Written by Dave Gil de Rubio, email@example.com Thursday, 20 February 2014 14:42
Sexy and Steely Dan are generally two words that tend to be mutually exclusive of each other. That is unless you’re chatting with soul man Mayer Hawthorne, whose latest album Where Does This Door Go, finds him incorporating that as part of his mission statement third full-length album. It is part of a vibe he manages to incorporate through these 14 songs that found him going from doing all knob twisting in the studio to working with a cadre of producers. Being as Hawthorne usually plays most of the instruments on his recordings, it was a strategy he wound up being well pleased by.
“It definitely took a lot of pressure off of me, made my job a lot easier and allowed me to take a step back from the production and really allowed me to focus on the songwriting,” he shared from a tour stop in Portland, Ore. “When you’re producing everything yourself, which I did on the first two records, sometimes you’re just so wrapped up in getting the greatest snare sound in the world that you forget about the song, which is of course the most important thing. Working with guys like Pharrell Williams, Jack Splash, Greg Wells and all these other legendary dudes definitely allows me to focus on the songs.”
As for the aforementioned Steely Dan, the man born Andrew Mayer Cohen is a diehard fan whose affinity for the yacht rockers immediately placed him on common ground with Williams. Songs like “Reach Out Richard” and “Wine Glass Woman” sound like lost Walter Becker/Donald Fagen outtakes with the latter particularly benefitting from some very Larry Carlton-like riffing and soloing. It was all a natural outgrowth of the love that Cohen and the N.E.R.D. frontman have for the storied jazz-rock outfit.
“We really connected over Steely Dan and wanted to go there but even the most diehard fan like myself can admit that there’s nothing really sexy about Steely Dan. It’s very [dorky] music for jazz nerds,” explained Hawthorne. “Pharrell and I both like to make sexy music so we tried to take that Steely Dan element but keep it sexy. And I think that’s how we brought it to 2014 but we snuck a little Fagen in there for sure.”
This diversity in the studio found the Ann Arbor native going beyond the retro soul ghetto he was sharing with the likes of Robin Thicke and instead incorporating a slightly more experimental vibe into this batch of songs. The echoey nuances, squiggly synth washes and loping bass of “Allie Jones” carry the whiff of old school reggae while Hawthorne indulges his hip-hop roots via the smooth grooves of “Crime,” where rapper Kendrick Lamar stops by to drop a few rhymes. Lamar’s contributions are no surprise given the fact that Hawthorne often DJs at clubs in the towns where his band plays while on tour.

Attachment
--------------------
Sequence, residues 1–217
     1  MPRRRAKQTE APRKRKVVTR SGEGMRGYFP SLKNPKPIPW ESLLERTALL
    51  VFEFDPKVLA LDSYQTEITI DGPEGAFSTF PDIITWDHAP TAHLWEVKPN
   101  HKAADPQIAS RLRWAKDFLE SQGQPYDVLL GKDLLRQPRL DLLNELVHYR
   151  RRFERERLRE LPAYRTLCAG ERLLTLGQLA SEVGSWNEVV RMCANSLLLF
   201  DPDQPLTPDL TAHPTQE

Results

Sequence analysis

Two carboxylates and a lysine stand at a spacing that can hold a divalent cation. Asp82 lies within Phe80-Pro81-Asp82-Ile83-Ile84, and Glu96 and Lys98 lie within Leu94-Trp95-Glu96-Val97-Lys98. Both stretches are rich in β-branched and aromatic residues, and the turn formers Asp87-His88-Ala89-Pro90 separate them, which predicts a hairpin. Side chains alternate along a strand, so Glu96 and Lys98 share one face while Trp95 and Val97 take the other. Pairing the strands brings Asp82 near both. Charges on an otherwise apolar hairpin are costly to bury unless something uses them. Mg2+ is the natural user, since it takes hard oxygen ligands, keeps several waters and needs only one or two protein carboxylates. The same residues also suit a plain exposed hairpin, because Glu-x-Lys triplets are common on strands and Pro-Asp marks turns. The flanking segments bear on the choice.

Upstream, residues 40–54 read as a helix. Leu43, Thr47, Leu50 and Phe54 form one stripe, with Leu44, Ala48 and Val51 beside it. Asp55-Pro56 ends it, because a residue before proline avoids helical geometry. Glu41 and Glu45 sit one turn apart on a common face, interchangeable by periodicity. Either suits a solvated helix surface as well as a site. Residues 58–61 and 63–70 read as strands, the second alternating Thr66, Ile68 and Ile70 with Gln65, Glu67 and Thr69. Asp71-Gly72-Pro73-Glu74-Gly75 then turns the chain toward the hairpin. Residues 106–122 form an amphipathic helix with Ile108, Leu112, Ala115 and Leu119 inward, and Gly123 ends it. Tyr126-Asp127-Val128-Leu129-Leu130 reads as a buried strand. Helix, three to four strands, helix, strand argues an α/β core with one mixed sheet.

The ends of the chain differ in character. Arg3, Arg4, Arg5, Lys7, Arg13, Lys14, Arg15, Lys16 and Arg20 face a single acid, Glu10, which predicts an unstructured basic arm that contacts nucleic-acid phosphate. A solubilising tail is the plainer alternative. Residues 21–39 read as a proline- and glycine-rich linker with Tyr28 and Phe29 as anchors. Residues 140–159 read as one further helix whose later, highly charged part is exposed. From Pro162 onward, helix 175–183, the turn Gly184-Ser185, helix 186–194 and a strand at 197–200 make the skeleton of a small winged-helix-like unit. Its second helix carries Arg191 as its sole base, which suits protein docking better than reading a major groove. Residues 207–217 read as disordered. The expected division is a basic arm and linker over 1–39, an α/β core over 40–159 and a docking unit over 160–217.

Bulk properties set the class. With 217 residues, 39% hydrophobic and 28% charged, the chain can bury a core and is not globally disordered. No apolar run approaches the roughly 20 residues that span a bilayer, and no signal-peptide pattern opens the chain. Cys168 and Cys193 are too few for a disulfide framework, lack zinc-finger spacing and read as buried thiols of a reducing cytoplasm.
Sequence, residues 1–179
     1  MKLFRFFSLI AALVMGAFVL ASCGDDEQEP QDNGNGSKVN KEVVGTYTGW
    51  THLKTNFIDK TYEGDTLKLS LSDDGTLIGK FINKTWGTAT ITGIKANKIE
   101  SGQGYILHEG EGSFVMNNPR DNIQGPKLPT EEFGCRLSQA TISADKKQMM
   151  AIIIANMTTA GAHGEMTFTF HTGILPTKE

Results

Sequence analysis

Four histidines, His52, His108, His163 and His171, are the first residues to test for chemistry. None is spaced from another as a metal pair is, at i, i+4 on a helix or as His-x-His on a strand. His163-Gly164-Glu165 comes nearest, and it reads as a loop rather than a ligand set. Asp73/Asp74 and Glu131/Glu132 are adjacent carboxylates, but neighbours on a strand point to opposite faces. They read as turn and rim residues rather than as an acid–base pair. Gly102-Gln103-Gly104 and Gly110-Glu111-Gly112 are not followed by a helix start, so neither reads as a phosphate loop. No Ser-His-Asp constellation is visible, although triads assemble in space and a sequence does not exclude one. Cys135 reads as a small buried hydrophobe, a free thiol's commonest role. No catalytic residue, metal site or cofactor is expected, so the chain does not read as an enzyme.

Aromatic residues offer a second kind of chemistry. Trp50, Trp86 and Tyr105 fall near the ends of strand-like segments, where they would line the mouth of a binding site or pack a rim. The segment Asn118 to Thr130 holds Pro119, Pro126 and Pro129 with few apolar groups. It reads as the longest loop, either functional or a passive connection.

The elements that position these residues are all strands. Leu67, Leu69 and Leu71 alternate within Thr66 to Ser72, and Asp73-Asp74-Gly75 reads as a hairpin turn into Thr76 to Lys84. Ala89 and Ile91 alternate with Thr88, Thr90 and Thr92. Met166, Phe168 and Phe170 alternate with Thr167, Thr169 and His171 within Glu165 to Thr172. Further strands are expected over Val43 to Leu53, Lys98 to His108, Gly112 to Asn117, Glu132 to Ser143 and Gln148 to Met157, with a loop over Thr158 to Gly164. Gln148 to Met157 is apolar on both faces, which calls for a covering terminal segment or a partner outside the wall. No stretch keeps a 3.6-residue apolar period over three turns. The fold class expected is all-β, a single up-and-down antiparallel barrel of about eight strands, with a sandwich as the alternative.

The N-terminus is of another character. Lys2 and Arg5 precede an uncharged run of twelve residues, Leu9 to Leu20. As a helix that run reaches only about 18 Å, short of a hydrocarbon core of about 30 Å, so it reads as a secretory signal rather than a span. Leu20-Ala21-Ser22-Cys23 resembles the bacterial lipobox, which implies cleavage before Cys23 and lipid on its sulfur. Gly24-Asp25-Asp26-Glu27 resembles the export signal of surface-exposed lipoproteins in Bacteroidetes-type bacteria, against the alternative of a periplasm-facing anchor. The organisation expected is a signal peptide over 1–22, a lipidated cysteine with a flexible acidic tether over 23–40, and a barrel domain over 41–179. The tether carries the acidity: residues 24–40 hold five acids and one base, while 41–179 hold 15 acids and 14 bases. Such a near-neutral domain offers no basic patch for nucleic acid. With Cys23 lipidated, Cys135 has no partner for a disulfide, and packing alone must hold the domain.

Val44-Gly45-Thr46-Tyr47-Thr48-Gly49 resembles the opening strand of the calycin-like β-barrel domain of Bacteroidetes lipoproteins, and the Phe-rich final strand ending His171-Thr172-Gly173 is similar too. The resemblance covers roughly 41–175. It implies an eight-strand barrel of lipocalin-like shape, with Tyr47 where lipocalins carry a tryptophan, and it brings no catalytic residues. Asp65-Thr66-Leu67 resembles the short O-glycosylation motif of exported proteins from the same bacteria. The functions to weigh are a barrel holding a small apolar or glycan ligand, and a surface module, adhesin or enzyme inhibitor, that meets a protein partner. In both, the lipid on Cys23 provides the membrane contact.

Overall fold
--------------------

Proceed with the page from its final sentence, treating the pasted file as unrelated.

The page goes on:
Music has always been a constant in his life. His bassist father, who continues in a band, first put a Fender Jazzman in young Andrew’s hands when he was roughly five or six. The younger Cohen’s childhood memories include time spent in the family business, Great Lakes Hardware and Auto, where his family would always “bump Motown in the store and on the way there.” High school found Hawthorne a huge Prince fan and even bigger Funkadelic/Parliament head, all while playing bass in a jazz-funk trio. But it would be rap that wound up not only luring him to California but inadvertently creating the Mayer Hawthorne persona.
“Rap was my first real love when I really started going out and discovering music for myself and breaking away from what my parents taught me; I really fell in love with rap music. LL Cool J on cassette tape. Run-DMC. I love Mobb Deep and J. Dilla was later on,” he recalled. “Of course that changed my life in a whole other way. I used to be a hip-hop DJ and I started making original soul music as a way of sampling myself royalty-free.”
Shortly after moving out to California, the Michigan transplant ran into DJ/producer/Stones Throw label owner Peanut Butter Wolf at a party. Although the latter “wasn’t feeling” the aspiring hip-hop star’s rap demos, he was intrigued by a pair of scratch soul tapes recorded in Cohen’s bedroom that were more of an afterthought. After releasing the 2008 7-inch single “Just Ain’t Gonna Work Out/When I Said Goodbye,” the newly-christened Mayer Hawthorne dropped his debut A Strange Arrangement the following year with sophomore bow How Do You Do getting released in 2011.
Over time, Hawthorne’s talents found his music winding up on an episode of Ugly Betty, getting sampled by Pitbull and performing at the 2014 Bridgestone NHL Winter Classic held in his Ann Arbor hometown at Michigan Stadium, aka The Big House, before more than 105,000 people. Self-admittedly “one of the doper highlights of my career,” Hawthorne was stunned when he was asked to appear on an episode of Live from Daryl’s House, where he performed alongside host Daryl Hall and guest Booker T. Jones. For a kid who cut his teeth on R&B and blue-eyed soul, it was a dream came true.
“That was the most fun I’ve ever had in my life,” he said with a laugh. “I got to put the sunglasses on, do the ‘Private Eyes’ guitar dance and trade verses with Daryl Hall. It doesn’t get any better than that.”
Mayer Hawthorne will be appearing on Feb. 25 at Webster Hall, 125 East 11th St., 212-260-4700 www.webster
hall.com and on Feb. 28 at Warsaw, 261 Driggs Ave., 718-387-0505 www.warsawconcerts.com